Author Faculty (Discipline)

Nursing

Document Type

Article

Publication Date

10-1-2013

JOURNAL

Nutrition & Metabolism

VOLUME NUMBER

10

ISSUE NUMBER

1

PAGE NUMBERS

58

ISSN

1743-7075

Embargo Period

11-24-2013

Avondale Research Centre

Lifestyle Research Centre

Reportable Items (HERDC/ERA)

C1

Abstract

Background

Low levels of high-density lipoproteins (HDL) are considered an important risk factor for cardiovascular disease and constitute one of the criteria for the Metabolic Syndrome (MetS). Lifestyle interventions promoting a low-fat, plant-based eating pattern appear to paradoxically reduce cardiovascular risk but also HDL levels. This study examined the changes in MetS risk factors, in particular HDL, in a large cohort participating in a 30-day lifestyle intervention that promoted a low-fat, plant-based eating pattern.

Methods

Individuals (n = 5,046; mean age = 57.3 ± 12.9 years; 33.5% men, 66.5% women) participating in a in a Complete Health Improvement Program (CHIP) lifestyle intervention within the United States were assessed at baseline and 30 days for changes in body mass index (BMI), blood pressure (BP), lipid profile and fasting plasma glucose (FPG).

Results

HDL levels decreased by 8.7% (p

Conclusions

When people move towards a low-fat, plant-based diet, HDL levels decrease while other indicators of cardiovascular risk improve. This observation raises questions regarding the value of using HDL levels as a predictor of cardiovascular risk in populations who do not consume a typical western diet. As HDL is part of the assemblage of risk factors that constitute MetS, classifying individuals with MetS may not be appropriate in clinical practice or research when applying lifestyle interventions that promote a plant-based eating pattern.[from publisher's website].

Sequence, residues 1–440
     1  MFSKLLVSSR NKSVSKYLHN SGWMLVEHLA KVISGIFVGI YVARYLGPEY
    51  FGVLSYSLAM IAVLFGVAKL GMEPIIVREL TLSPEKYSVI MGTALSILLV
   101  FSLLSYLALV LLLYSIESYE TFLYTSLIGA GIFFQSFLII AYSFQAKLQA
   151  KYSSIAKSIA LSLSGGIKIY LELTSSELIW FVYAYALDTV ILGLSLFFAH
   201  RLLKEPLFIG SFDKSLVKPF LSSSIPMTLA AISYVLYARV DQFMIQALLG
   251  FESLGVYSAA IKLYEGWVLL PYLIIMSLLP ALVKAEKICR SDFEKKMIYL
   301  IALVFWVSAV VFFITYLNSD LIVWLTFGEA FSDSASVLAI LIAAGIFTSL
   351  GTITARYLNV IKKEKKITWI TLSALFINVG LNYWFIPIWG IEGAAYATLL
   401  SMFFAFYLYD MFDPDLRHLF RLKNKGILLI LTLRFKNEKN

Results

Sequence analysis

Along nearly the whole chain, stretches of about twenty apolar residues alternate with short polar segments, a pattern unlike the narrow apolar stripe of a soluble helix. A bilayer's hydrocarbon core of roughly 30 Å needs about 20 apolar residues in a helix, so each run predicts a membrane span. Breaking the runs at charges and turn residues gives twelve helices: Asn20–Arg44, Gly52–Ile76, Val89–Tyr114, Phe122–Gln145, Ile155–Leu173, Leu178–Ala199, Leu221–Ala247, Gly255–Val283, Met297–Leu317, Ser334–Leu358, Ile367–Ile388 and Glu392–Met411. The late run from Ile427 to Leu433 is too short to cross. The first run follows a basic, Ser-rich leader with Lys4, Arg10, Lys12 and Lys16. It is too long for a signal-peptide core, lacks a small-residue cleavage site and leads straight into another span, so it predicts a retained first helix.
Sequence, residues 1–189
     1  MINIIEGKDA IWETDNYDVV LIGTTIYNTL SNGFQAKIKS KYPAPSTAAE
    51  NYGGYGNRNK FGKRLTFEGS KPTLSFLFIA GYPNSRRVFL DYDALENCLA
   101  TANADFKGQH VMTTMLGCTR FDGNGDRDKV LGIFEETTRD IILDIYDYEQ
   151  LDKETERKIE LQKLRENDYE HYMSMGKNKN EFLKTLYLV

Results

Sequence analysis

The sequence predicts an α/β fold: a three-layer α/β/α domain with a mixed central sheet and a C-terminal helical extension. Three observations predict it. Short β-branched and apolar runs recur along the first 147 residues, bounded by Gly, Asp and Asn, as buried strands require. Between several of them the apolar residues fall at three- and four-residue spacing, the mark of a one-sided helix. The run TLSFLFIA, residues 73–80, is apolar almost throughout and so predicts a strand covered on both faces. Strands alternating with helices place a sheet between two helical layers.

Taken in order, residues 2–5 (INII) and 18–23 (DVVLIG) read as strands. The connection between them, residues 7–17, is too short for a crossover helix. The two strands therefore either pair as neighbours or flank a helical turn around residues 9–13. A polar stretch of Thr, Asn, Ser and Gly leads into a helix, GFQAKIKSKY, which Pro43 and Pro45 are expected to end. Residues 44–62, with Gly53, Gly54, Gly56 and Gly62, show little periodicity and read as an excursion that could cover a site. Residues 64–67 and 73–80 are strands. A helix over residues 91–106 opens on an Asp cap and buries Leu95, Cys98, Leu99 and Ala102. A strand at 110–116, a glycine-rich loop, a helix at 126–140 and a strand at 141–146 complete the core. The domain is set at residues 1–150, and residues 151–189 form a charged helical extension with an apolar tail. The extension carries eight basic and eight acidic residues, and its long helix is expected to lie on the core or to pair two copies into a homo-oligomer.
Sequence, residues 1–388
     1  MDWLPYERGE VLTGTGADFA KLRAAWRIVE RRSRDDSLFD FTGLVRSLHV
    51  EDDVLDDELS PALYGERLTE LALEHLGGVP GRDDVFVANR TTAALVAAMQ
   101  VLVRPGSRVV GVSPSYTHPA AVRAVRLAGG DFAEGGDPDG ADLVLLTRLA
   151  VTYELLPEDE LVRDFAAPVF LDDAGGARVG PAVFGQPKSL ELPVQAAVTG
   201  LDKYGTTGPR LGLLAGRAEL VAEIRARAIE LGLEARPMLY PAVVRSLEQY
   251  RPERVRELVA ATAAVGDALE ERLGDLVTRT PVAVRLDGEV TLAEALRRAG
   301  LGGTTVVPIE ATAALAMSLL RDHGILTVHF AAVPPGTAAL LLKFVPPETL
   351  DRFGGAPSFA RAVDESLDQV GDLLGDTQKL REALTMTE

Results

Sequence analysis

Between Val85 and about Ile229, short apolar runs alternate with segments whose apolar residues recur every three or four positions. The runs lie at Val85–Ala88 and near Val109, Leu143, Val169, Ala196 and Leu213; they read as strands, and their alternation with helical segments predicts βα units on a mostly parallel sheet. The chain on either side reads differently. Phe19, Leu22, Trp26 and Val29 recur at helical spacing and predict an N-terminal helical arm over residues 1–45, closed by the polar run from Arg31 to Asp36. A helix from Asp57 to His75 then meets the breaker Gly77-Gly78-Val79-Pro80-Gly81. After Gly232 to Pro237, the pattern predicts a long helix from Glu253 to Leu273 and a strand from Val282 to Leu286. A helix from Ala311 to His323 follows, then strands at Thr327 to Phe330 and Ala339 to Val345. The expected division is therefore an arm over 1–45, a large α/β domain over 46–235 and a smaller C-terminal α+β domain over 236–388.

Link to publisher version (DOI)

https://doi.org/10.1186/1743-7075-10-58

Peer Review

Before publication

Comments

This article is published under license to BioMed Central Ltd.

This is an Open Access article licensed under the Creative Commons Attribution License (http://creativecommons.org/licenses/by/2.0), which permits unrestricted use, distribution, and reproduction in any medium, provided the original work is properly cited.


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